Wired into the Community

Wired into the Community

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Aberdeen Police Department Offers Free Phone App to Public

Img_1300Apple’s trademarked slogan, “There’s an app for that,” seems to be hitting the nail right on the head as we enter into the year 2016. It really does seem like there’s an app for just about anything you could want.

As more and more people are attached to their phones, developers in the technology world are catering to just about any group of people you can think of.

That’s why it should come as no shock there is now an app for the Aberdeen Police Department called MyPD.

“Our primary goal is to connect with a younger audience,” said Captain Eric Duven, who has served the Aberdeen Police Department for over 21 years. “Although, there are features on the app that should appeal to just about anybody.”

Utilized to target middle school and high school students, ages 13 to 17, the free app is entering its fourth month in the community. School Resource Officers have been visiting classrooms in the Aberdeen Community School District to make students aware of the app and its benefits.

“We do a lot of face-to-face where we get out in the community,” stated Duven. “ The more partnerships we have in the community the more effective we are.”

There have been over 1,000 downloads so far with users taking advantage of the 40 features the app boasts.

“We’ve been receiving many tips,” shared Duven. “People have been sending tips and pictures if they see something suspicious.”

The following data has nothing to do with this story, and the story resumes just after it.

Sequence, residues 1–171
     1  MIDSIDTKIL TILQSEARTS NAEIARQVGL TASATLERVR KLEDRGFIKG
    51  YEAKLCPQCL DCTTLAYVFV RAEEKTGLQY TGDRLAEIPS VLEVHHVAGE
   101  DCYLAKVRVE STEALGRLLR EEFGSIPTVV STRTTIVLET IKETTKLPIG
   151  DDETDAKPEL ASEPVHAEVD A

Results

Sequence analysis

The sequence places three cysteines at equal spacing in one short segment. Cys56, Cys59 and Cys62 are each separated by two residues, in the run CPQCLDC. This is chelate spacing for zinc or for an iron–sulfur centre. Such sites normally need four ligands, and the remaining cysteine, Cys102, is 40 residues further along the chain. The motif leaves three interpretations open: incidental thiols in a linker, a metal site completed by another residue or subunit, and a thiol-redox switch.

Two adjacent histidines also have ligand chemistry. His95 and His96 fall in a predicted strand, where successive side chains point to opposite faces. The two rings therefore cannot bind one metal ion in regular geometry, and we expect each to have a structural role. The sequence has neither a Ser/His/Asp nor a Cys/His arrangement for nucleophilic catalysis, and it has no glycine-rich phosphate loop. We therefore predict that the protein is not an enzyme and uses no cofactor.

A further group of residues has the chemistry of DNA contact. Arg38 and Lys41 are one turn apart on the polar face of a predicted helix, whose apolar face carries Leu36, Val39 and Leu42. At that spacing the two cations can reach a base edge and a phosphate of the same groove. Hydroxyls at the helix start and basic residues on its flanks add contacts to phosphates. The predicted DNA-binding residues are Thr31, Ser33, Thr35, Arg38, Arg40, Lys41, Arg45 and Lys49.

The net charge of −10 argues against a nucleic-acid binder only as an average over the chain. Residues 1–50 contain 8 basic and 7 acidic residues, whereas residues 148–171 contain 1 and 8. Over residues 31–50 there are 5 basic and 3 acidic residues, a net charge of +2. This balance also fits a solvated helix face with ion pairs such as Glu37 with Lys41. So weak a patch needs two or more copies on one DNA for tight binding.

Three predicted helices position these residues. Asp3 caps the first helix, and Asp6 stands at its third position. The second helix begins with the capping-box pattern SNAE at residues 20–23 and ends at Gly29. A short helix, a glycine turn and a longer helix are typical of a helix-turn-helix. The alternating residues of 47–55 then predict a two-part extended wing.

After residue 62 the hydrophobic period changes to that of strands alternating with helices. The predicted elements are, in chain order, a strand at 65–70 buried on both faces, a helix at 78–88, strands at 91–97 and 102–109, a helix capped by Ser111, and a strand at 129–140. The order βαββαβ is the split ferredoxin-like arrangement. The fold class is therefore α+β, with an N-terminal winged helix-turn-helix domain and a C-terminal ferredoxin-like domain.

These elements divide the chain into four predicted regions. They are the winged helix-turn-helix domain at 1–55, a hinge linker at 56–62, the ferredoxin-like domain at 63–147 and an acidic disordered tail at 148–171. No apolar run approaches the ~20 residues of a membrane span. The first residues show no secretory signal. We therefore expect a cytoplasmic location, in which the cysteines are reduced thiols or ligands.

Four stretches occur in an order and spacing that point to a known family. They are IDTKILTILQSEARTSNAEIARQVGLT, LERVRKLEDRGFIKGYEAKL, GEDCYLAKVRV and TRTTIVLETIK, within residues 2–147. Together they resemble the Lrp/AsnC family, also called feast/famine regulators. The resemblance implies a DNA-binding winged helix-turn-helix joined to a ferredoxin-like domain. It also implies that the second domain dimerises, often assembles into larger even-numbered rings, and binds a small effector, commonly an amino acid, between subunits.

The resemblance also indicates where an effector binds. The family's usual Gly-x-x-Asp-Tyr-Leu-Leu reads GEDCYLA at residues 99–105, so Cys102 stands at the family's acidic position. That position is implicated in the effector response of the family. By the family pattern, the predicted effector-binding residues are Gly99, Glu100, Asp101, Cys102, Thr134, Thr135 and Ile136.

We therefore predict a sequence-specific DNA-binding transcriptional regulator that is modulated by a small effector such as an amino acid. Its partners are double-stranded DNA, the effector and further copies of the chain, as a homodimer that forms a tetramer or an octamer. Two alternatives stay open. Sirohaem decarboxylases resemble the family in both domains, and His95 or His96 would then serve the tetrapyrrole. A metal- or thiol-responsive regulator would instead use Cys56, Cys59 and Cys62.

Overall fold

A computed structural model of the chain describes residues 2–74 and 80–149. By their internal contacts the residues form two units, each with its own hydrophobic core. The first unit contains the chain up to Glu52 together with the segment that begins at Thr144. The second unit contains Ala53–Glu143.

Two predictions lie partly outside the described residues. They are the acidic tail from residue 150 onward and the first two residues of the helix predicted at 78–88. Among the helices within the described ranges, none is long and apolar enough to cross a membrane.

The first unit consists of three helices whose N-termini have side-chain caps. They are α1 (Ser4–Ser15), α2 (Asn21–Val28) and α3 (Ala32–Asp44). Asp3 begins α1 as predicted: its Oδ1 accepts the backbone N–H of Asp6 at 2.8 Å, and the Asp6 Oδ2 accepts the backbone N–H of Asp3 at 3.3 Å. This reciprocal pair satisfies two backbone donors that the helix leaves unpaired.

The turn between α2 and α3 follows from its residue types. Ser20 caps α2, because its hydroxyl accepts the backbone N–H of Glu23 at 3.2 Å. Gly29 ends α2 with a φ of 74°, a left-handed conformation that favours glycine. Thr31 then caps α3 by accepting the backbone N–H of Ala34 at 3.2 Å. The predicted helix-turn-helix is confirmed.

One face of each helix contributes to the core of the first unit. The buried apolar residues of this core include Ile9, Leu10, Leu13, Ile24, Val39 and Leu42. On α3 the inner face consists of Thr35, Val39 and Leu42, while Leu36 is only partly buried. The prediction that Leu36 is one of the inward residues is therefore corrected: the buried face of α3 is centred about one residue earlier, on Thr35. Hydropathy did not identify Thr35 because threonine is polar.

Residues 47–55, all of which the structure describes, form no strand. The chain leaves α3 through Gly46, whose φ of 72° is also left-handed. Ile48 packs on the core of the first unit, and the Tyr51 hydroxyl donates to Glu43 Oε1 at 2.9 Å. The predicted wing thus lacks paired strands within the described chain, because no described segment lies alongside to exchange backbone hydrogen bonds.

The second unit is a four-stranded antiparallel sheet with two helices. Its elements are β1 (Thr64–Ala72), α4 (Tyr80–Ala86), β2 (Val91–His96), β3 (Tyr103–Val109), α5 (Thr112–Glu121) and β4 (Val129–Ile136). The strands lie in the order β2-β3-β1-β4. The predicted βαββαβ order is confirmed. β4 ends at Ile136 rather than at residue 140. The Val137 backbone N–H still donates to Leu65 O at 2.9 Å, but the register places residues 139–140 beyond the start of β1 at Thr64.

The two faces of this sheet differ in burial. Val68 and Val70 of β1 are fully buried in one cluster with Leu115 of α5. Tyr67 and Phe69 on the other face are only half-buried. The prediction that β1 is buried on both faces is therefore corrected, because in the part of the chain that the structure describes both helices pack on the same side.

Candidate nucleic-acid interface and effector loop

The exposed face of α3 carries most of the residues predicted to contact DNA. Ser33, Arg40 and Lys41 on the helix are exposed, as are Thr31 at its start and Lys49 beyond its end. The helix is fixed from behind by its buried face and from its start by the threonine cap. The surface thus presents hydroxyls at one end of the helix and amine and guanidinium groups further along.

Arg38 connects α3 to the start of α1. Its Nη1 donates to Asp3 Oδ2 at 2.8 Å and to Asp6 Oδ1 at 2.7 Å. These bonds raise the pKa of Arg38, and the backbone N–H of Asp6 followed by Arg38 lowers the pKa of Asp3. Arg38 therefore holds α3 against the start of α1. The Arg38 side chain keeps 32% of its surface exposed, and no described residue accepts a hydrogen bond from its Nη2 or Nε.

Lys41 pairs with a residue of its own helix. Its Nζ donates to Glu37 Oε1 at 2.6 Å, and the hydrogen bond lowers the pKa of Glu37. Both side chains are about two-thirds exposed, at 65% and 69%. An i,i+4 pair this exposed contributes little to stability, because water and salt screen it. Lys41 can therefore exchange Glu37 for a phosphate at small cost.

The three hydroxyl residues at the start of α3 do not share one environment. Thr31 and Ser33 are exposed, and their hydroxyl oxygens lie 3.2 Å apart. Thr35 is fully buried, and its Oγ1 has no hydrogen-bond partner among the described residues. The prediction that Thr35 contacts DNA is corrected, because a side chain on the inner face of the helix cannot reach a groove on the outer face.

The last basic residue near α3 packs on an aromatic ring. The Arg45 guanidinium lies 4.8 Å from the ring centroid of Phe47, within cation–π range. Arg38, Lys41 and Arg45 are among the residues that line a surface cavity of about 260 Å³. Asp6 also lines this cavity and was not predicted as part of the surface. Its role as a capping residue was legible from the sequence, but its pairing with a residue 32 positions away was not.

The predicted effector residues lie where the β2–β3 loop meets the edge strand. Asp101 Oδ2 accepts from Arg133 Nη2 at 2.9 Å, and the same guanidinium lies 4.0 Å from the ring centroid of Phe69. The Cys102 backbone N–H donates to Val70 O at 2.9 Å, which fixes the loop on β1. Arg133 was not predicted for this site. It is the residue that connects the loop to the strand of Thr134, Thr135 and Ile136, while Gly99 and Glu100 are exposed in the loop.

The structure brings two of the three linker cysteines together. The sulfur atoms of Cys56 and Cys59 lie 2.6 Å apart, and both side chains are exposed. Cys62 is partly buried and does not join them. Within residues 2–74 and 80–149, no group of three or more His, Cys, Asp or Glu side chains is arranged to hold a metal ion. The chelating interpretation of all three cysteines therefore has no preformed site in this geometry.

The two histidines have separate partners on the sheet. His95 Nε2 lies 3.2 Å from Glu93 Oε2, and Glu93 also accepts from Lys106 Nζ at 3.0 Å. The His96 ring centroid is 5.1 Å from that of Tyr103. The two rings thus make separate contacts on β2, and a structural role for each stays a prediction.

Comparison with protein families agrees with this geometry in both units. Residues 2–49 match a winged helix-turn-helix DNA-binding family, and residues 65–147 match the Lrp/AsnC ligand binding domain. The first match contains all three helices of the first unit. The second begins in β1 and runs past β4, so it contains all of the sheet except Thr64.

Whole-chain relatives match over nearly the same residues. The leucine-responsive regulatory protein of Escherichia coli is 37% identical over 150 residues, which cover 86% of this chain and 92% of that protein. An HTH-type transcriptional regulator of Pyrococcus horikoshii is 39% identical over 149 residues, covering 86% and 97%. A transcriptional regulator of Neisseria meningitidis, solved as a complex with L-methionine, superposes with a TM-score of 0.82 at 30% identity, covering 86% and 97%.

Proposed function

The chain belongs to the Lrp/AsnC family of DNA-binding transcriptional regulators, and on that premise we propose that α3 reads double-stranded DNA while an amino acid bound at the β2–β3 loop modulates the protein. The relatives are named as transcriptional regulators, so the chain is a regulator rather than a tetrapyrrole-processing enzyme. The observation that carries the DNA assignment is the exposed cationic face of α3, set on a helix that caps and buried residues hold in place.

Duven added most of the tips coming in have been drug related. Tips can be submitted anonymously and are emailed right to the department in charge of that type of crime. The APD has also been utilizing its Facebook page as well for help in identifying suspects through videos and photos.

“Obviously in this day and age, some people are more comfortable reaching out to us without doing it face-to-face so we wanted to make that available,” explained Duven. “Social media has definitely made us more effective. Before we had a picture of a suspect but no way to start our investigation.”

“If this gives us a way to help solve a case, why not take advantage of it,” added Duven.

Along with tips and photos, app users can also submit GPS coordinates to the officers. Other features of the app include a crime map that shows you where and what type of crime is being committed in Aberdeen, as well as links to the sex offender registry, Twitter and Facebook, Amber Alert and South Dakota’s statewide missing persons website, along with much more.

The app is powered by Wired Blue, which the Aberdeen Police Departments pays $700 annually for the service. Available on both Android and iPhones, the app can be downloaded through each phone’s app store for free by searching MyPD.

Like many apps, this app also has a reward system for using it. Every app user starts out as a “Rookie.” However, the more you use the app, the more your rank will increase, allowing you to earn your way to the top level badge of, “Chief.”

“There may be more features added later,” shared Duven.

Currently, the Aberdeen Police Department is part of a select few police departments in the state using a similar feature like the MyPD app, although it seems like a natural progression for more departments to start integrating it into their communities.

If you decide to download the app and stay connected to our heroes in blue, just remember this app does not replace 911. If you have an emergency, calling 911 is still the right move. Technology moves fast, but not that fast. // –Abby McQuillen